5. With Minnesota losing three starters and its head coach from last year’s team, the Gophers need to plug some new pieces to fit new coach Richard Pitino’s up-tempo system. It’s looking like one of these pieces is going to be JuCo transfer Deandre Mathieu. Mathieu has impressed to the point where the Gophers are considering penciling him into the lineup with two other guards, Andre Hollins and Austin Hollins. Playing with a three-guard lineup will allow Minnesota to play at a much faster tempo, with the 5’9″ Mathieu pushing Andre Hollins to play off the ball and essentially taking on the role of a scorer. In the team’s two scrimmages, Mathieu averaged 10 points, eight assists, and two steals per game, which if duplicated once the games start for real, would put him in the running for Big Ten Newcomer of the Year.
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Big Ten M5: 10.23.13 Edition

Posted by Deepak Jayanti on October 23rd, 2013

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  1. Regardless of Ohio State’s postseason performance this year, Aaron Craft will go down as one of the best guards in the school’s history. He will be remembered for not necessarily his offensive skills, rather, his ability to impact the game on the defensive end. But after averaging 10 PPG last season, he has proved that he can score when needed. Does that mean he has a future in the NBA? Thad Matta thinks he can, as he said: “I think he can play in the NBA, yes. A lot of teams like to carry three point guards.” If Craft can improve his three-point shooting, specifically from the corners, he will find a way onto an NBA team because of his defensive abilities.
  2. Tom Izzo is no stranger to Final Fours – he has been to six of them during his tenure at East Lansing. Yet, he remains hungry to take his team back to the Final Four after two straight Sweet Sixteen appearances. At Michigan State’s media day, Izzo talked about his team’s chances to get back to the Final Four and cited a “great summer in terms of chemistry” as one of the reasons why this team could be special. If Gary Harris lives up to the hype as an effective scorer and Keith Appling can create his own shot during crunch time, the Spartans have the defensive talent to make a run at the Final Four and beyond. While most of the favorites – Kentucky, Kansas and Duke – have star freshmen, the Spartans have experience on their side, which could pay off in March.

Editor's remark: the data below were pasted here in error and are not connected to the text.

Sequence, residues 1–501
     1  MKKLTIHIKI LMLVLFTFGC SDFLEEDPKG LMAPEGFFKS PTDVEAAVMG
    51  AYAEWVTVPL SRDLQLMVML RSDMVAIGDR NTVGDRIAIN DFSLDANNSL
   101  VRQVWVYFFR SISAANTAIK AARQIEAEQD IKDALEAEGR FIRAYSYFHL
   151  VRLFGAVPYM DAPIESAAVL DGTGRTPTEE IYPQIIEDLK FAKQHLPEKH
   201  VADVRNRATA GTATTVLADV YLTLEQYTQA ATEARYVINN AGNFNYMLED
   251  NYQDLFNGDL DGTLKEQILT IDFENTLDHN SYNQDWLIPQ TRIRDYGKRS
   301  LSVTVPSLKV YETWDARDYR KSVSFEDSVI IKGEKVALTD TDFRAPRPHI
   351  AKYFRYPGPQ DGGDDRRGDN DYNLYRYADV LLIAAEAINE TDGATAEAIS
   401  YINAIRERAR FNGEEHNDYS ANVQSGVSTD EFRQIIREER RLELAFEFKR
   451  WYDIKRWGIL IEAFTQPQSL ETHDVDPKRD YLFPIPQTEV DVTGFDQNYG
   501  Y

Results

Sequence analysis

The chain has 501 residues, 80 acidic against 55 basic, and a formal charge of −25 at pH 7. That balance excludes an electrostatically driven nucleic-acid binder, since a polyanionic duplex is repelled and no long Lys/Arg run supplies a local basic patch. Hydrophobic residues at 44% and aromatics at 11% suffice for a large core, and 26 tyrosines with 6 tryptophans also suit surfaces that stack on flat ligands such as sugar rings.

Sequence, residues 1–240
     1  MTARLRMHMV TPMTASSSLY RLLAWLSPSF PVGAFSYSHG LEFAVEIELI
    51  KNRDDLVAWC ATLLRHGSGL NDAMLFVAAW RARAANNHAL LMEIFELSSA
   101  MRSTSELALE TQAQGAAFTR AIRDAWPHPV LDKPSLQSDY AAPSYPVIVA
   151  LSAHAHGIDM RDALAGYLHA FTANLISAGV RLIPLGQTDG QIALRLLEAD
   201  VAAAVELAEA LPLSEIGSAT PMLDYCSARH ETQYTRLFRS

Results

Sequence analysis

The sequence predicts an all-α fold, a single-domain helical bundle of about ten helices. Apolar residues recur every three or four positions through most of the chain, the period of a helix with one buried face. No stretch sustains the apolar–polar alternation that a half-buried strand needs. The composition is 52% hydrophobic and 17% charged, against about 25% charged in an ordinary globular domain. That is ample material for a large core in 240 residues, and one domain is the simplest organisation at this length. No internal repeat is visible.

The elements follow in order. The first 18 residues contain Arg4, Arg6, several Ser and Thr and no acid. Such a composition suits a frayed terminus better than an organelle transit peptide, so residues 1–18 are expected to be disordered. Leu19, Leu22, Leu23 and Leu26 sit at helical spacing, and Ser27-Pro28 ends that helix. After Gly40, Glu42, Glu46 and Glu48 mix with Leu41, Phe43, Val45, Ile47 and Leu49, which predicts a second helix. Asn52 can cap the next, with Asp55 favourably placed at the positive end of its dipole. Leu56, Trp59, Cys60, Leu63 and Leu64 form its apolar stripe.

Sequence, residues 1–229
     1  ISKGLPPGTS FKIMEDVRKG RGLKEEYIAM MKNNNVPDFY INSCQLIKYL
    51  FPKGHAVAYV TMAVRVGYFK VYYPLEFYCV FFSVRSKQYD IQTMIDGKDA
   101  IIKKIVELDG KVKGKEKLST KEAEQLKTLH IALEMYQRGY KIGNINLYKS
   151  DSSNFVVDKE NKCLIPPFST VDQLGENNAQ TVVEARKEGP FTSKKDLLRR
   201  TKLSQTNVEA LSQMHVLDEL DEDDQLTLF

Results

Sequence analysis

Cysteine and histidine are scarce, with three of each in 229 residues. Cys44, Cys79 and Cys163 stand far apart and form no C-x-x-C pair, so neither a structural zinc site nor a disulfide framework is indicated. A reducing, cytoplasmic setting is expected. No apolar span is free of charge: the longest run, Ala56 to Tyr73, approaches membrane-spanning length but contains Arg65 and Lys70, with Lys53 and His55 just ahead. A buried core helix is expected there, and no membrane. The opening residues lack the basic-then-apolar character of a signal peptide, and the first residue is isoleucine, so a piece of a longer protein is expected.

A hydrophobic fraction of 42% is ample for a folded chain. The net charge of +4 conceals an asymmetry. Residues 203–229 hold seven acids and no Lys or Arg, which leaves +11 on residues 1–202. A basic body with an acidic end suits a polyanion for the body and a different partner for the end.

3. Speaking of Final Four appearances, there is no way Michigan’s Derrick Walton can fill Trey Burke’s shoes in Ann Arbor. But that doesn’t seem to be his main concern for the season. John Beilein said, “I don’t think he sees replacing Trey Burke as his challenge. I think think he sees, ‘How can I help this team win?’ as the challenge.” Walton will have plenty of opportunities to control Beilein’s offense, alongside wings such as Nik Stauskas and Glenn Robinson III. While Burke had to carry the team during the final minutes of the game, Walton can rely on the super sophomores to pick up the scoring load. As long as he can limit the turnovers and hit the wide-open shot, he will help the Wolverines make a run at the Final Four.
  4. Even though Illinois may not be a clear favorite to make the NCAA Tournament this season, John Groce still has Champaign excited because of his accomplishments on the recruiting trail. This summer, he got two top-40 players – Quentin Snyder and Leron Black – to commit to Illinois for the 2014-15 season. His next target is top-5 recruit Cliff Alexander, who will visit Champaign this weekend. Alexander is also considering Kansas in addition to Illinois, but Groce has proven that he can compete against the best recruiters in the business because he is very “sincere in his message.” Regardless of Alexander’s decision, Illinois will have a top-20 recruiting class next season and if they can stay competitive on the court this season, Groce’s recruiting will not miss a beat for the 2015-16 season.
  5. While Groce has impressed the Illinois fan base, Minnesota’s new head coach, Richard Pitino, has his work cut out over the next year or so. He will rely on Andre Hollins to carry the offensive load this season, but could use some help from other players to pick up the scoring slack. Transfer guard Deandre Mathieu may just be that guy who steps up. He scored 26 points in the scrimmage on Friday and Pitino said after the scrimmage, “He’s really good. He’s so quick. He’s so aggressive.” The Gophers could have a tough time keeping up with rest of the Big Ten, but if Mathieu can provide double-digit scoring in the backcourt, the opposing defenses won’t be able to just zone in against Hollins.